What is meant by massless photons

Unstable light: can photons decay?

I was only visiting the European Nuclear Research Center CERN last week and found out about current particle physics (even if I did not fully understand the mathematics of the Standard Model of particle physics).

But I definitely understood one thing: there are stable particles and unstable particles. The stuff we are made of is stable: for example electrons and the up and down quarks from which the protons and neutrons are built (which in turn form the atomic nuclei of matter). These particles exist indefinitely. An electron remains an electron forever and ever and does not change. But other particles are unstable. For example the remaining four quarks that still exist in addition to Up and Down (Charm, Strange, Top and Bottom). They only live for seconds or fractions of a second before they disintegrate and the energy released creates new particles, which then disintegrate again themselves; until the normal and stable particles are left over at the end. Some particles only survive in society. A lonely neutron only remains stable for a few minutes before it decays - if, on the other hand, it is bound to a proton as part of an atomic nucleus, then it remains permanently stable.

Light can also be treated as a particle in quantum mechanics. It consists of Photons and these light particles would have to be permanently stable. After all, they have no mass and if something has no mass, it cannot break down into other particles either. But what if the photon does have a mass? Then could it decay - the light itself would be unstable. But that is surely just nonsense - how should and can light have mass?

Julian Heeck from the Max Planck Institute for Nuclear Physics in Heidelberg does not think this question is nonsense and wrote a scientific paper entitled “How stable is the photon?” released. In it he explains that it is true that the photon in the quantum mechanical equations that describe its behavior has no mass and that the equations no longer work if the photon is given a mass. But there are ways to reformulate these equations so that they continue to work as before, except that this time the photon does not necessarily have to be massless.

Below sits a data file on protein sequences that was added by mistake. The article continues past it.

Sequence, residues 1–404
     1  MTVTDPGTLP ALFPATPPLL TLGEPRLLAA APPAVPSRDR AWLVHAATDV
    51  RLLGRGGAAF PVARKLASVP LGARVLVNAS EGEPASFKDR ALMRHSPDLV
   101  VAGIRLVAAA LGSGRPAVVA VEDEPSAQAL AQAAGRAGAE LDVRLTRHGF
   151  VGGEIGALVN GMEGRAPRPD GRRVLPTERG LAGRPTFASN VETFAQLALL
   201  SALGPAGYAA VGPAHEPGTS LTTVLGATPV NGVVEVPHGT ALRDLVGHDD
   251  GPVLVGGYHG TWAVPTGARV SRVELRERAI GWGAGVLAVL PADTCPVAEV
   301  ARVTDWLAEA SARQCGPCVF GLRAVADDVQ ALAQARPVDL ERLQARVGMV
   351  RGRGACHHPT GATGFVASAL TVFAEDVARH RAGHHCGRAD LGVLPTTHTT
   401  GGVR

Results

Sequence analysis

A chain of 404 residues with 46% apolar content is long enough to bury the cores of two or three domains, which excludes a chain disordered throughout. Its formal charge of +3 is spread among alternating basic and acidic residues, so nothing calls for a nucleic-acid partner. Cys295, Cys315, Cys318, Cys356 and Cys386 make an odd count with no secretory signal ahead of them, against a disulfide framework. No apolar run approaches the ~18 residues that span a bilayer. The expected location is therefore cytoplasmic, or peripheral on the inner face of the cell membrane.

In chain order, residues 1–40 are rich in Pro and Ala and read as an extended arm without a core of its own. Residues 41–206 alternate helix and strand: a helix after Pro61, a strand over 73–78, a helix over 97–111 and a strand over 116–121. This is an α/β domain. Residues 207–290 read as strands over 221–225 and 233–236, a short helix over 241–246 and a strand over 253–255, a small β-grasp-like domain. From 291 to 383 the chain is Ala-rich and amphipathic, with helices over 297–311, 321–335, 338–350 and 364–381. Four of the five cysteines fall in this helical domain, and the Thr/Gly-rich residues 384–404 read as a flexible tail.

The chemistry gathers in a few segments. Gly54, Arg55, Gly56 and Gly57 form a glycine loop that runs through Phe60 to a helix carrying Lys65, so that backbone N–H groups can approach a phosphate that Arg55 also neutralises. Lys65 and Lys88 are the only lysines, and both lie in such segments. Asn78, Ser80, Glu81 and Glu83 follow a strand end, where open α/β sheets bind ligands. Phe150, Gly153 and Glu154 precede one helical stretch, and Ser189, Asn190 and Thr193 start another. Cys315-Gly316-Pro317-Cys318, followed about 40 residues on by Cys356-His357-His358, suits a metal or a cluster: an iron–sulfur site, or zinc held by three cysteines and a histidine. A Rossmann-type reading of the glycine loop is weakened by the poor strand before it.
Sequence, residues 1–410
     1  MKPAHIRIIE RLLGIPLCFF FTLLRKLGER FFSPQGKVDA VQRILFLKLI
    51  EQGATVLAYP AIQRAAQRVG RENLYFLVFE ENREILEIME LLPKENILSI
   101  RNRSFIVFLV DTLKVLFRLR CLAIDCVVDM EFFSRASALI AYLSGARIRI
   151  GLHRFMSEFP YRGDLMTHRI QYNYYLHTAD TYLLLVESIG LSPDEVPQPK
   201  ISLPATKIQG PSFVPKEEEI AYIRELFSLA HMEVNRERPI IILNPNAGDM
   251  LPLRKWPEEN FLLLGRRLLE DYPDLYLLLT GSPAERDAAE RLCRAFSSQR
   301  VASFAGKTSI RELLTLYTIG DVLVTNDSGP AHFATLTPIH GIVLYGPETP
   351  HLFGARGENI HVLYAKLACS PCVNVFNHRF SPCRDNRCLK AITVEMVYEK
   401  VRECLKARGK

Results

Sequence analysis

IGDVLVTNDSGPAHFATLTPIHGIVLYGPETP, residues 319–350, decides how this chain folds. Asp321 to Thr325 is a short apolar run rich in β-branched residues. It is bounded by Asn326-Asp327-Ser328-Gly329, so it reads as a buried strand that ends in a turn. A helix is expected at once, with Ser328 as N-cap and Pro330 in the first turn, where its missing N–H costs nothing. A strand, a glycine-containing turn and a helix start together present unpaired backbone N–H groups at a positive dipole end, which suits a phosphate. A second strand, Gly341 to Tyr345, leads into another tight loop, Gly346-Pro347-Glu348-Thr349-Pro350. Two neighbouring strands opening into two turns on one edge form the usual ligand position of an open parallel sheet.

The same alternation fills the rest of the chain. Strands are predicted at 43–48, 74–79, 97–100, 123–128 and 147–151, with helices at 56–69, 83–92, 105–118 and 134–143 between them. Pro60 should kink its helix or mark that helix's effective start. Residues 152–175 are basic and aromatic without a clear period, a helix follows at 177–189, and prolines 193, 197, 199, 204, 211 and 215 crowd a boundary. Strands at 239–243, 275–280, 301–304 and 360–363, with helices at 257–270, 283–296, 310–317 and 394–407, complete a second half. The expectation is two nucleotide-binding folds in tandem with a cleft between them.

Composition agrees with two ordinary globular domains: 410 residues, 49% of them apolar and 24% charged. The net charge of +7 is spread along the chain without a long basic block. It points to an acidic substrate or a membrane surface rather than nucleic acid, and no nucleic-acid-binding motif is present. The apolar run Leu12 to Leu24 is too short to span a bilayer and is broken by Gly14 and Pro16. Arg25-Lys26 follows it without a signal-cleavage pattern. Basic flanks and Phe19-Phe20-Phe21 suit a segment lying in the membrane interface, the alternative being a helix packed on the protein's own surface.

The moonlight could also be unstable ...

The theory therefore allows light to have a mass and if that is theoretically possible, then there is no reason why one should simply assume massless photons, says Julian Heeck. Of course, the mass of the photons cannot be very large; We would have measured that long ago. But maybe the photons are something like the neutrinos. These are also elementary particles that have such a low mass that they have long been considered massless. Only in the last few years have the experimental data been sufficient to be sure that the neutrinos Not are massless.

Heeck therefore proposes to limit the potential mass and thus also the lifespan of a photon on the basis of observation data. To do this, he uses the data from the Planck satellite. I have explained in detail what it does and measures in this article. Planck observes the cosmic background radiation; These are photons that were created shortly after the Big Bang and have been moving through space ever since. It is the oldest light we can see and if you are looking for decaying photons you have to try your luck there. If photons actually become unstable at some point, then some of the cosmic background light should also decay. We should be able to measure fewer photons today than 13.8 billion were emitted back then and the fewer the shorter the average lifetime of the photons.

So you have to compare Planck's observation data with the theoretical predictions and see whether there are any differences. And as I explained in the article mentioned above, Planck's observations are correct with the predictions extreme match well. So the mass can really only be small and if you take the greatest possible value that can still be reconciled with the observation data, then a lifetime for the photon of three years follows. That sounds surprisingly little, but it only refers to the rest system of the photon. If you want to know how long the photon survives from the point of view of an external observer, you have to consider the relativistic time dilation. And photons are fast; after all, light moves at the speed of light. For us, the photon therefore lives about a trillion years - which is significantly longer than the previous lifespan of the universe (almost a billion times longer!). This number is of course only a statistical mean. There will be photons that live much longer and photons that decay much earlier. Even so, the photon is still an enormously stable particle - but it is could just be a particle that not permanent is stable.

I was only visiting the European Nuclear Research Center CERN last week and found out about current particle physics (even if I did not completely understand the mathematics of the Standard Model ...